Paste (magazine) - "Finn's voice is surrounded by eddies of guitar and somber piano, punctuated here and there with horns and anchored by drummer Joe Russo's solid, unfussy beats."
Pitchfork (Website) - "'St. Peter Upside Down' may be the most compelling song of his solo career, a sharp juxtaposition between romantic regret and religious sacrifice..."
Personnel: Craig Finn (vocals, guitar); Josh Kaufman (vocals, guitar, piano, keyboards); Joe Russo (vocals, drums, percussion); Dawn Landes (vocals); Stuart Bogie (flute, clarinet, saxophone); Jordan McClean (trumpet, flugelhorn).
Audio Mixer: D. James Goodwin.
Recording information: Saltlands, Brooklyn, NY; The Isokon, Woodstock, NY; Twin Buffalo, Brooklyn, NY.
Photographers: Dan Monick; Rich Tarbell.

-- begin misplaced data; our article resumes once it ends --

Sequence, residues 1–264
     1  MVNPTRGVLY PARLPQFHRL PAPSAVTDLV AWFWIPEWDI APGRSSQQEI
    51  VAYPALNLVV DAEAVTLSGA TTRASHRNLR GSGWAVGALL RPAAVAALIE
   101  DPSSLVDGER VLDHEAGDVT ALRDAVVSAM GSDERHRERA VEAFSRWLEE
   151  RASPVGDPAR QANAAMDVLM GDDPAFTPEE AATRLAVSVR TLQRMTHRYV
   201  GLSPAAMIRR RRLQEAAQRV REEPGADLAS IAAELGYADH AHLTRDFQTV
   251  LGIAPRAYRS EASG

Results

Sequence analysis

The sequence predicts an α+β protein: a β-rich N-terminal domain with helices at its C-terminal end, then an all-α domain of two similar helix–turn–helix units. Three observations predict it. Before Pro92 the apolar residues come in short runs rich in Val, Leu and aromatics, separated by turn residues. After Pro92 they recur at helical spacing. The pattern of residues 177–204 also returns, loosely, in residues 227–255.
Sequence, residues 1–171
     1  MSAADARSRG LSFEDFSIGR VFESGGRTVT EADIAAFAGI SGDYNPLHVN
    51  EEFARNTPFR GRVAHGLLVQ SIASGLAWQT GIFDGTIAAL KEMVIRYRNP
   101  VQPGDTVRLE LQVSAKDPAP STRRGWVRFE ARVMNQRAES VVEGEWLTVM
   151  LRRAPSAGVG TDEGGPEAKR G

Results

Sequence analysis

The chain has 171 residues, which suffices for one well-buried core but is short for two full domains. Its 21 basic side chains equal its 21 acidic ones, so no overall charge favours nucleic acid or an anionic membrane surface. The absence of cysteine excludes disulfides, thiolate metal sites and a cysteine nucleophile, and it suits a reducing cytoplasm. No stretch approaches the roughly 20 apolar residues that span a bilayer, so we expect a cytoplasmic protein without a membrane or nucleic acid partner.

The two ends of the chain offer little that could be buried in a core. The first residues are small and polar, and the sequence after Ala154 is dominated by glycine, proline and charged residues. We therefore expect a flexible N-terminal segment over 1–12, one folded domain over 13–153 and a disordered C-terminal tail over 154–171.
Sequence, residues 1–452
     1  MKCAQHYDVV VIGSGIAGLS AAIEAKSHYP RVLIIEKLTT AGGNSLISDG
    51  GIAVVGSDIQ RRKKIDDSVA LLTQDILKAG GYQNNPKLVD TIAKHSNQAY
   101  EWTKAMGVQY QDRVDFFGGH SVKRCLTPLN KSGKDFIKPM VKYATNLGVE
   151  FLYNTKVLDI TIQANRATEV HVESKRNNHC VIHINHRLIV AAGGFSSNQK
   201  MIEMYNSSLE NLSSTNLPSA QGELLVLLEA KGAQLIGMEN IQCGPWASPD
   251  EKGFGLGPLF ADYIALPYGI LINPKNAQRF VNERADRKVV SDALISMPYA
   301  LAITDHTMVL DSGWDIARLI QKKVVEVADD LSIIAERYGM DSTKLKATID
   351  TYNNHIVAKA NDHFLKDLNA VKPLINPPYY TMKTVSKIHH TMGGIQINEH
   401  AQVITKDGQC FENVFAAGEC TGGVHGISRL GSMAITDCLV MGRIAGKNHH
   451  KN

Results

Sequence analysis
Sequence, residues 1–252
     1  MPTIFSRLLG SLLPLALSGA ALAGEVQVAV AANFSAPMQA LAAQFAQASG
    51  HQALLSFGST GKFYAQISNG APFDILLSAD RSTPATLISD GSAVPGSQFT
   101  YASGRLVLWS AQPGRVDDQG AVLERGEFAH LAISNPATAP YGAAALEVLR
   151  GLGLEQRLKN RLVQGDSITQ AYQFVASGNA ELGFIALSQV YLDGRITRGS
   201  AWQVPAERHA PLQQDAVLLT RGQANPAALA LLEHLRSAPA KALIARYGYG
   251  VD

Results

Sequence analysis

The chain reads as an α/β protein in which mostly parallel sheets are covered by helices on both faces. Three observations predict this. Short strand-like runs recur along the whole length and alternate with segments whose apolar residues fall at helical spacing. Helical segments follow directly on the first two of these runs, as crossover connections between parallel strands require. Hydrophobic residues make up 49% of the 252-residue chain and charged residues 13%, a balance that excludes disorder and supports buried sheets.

Craig Finn has always had the potential to be the Bizarro World version of Bruce Springsteen, spinning tales of earnest heartland folks whose obsessions are loopy but sincere variations of the thematic triumvirate of fast cars, low-budget romance, and middle-class survival that has been the Boss' trademark for decades. Finn's melodies even conjure up an approximation of the melodramatic grandeur of Springsteen's music, though without the emphatic charge of the E-Street Band; if Springsteen's work is hi-def programming viewed on a 60-inch flat screen, Finn's is more like a slightly worn VHS tape viewed on a TV that was rescued from a junk shop, though there are shows that work better that way, seen through a prism of homey distortion. All these things come to mind while listening to Faith in the Future, the second solo album from the Hold Steady's frontman, which gives him more room to explore his themes as an enlightened bar-band troubadour, and if the noisy sideways guitar solos on "Maggie I've Been Searching for Our Son" and "Going to a Show," the clanking lockstep drums on "Roman Guitars," and the woozy slide guitar on "St. Peter Upside Down" wouldn't go over at an arena gig, the songs might do the trick anyway. Finn wrote this set of songs after the death of his mother, and while none of them deal with the notion of maternal loss, there's an undertow of grief and human consequence that runs through this material, such as the low-level drug abuse in "Sandra from Scranton" and "Going to a Show," the musician running on fumes in "Newmyer's Roof," the old friend whose life is in a shambles in "Sarah, Calling from a Hotel," and the self-explanatory agonies of "I Was Doing Fine (Then a Few People Died)." Finn's slightly craggy voice gives his characters the lived-in qualities they need, and Josh Kaufman's production gracefully walks the line between the straightforward and the slightly bent. At its best, Faith in the Future is a compelling and suitably individual study of the Darkness on the Edge of Some Other Town, where Finn has plenty of stories to share. ~ Mark Deming